Maybe have him volunteering in an impoverished village or something humanitarian. Anything that would jumpstart the lone intriguing aspect of this go-round — that, if pushed to a specific tipping point he’ll come back in. That’s an interesting notion of nature versus nurture in spycraft: Could a man who so outwardly wants to be done with it actually wish to be nestled more tightly after so much pain on his own? Despite inconsequential third-act flirtations with such complexity, the film fumbles that, too.
Bourne is inadvertently thrown back onto the grid when longtime analyst ally / one-time lover / former CIA wunderkind Nicky Parsons (Julia Stiles, astonishingly awful) hacks the CIA. She has done so ostensibly on behalf of Edward Snowden stand-in Christian Dassault (Vinzenz Kiefer) but makes time to find out even more on Bourne’s past … and how he wound up on Treadstone’s doorstep.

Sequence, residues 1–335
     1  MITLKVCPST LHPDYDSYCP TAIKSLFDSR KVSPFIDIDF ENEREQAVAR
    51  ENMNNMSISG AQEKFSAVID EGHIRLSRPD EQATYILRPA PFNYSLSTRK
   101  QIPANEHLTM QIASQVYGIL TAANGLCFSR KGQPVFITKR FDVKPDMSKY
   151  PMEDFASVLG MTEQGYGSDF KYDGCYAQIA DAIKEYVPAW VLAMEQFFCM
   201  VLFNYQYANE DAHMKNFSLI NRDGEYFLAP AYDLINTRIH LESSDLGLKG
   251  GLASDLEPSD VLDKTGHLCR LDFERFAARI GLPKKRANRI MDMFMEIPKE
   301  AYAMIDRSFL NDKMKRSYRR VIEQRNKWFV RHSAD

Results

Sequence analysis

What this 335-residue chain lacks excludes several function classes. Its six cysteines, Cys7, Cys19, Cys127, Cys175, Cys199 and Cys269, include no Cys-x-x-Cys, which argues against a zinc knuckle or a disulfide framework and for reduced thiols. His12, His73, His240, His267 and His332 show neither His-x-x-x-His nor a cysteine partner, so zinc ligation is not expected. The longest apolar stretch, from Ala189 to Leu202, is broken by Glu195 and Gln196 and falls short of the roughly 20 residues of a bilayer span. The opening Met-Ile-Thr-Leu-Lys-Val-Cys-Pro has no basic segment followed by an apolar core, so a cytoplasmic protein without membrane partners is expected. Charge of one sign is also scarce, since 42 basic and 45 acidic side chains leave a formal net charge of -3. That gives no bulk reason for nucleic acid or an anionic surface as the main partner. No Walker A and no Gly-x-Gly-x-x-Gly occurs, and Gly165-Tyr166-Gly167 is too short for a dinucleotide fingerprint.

Nicky finds those details, and more – namely files pertaining to Ironhand, the latest CIA black-ops program taken from someone’s workbook of medieval nicknames. (Where does she find all of this information? In a folder labeled “Black Operations,” of course, in one of the film’s many tech howlers.) Once she reaches out to Bourne through backchannels, the CIA once again gives chase.
A pair of Oscar winners delivering terrible performances play their pursuers — a (hopeful) hiccup for one, an unfortunate habit for the other — and you will absolutely miss Joan Allen, David Strathairn and even Legacy’s Edward Norton.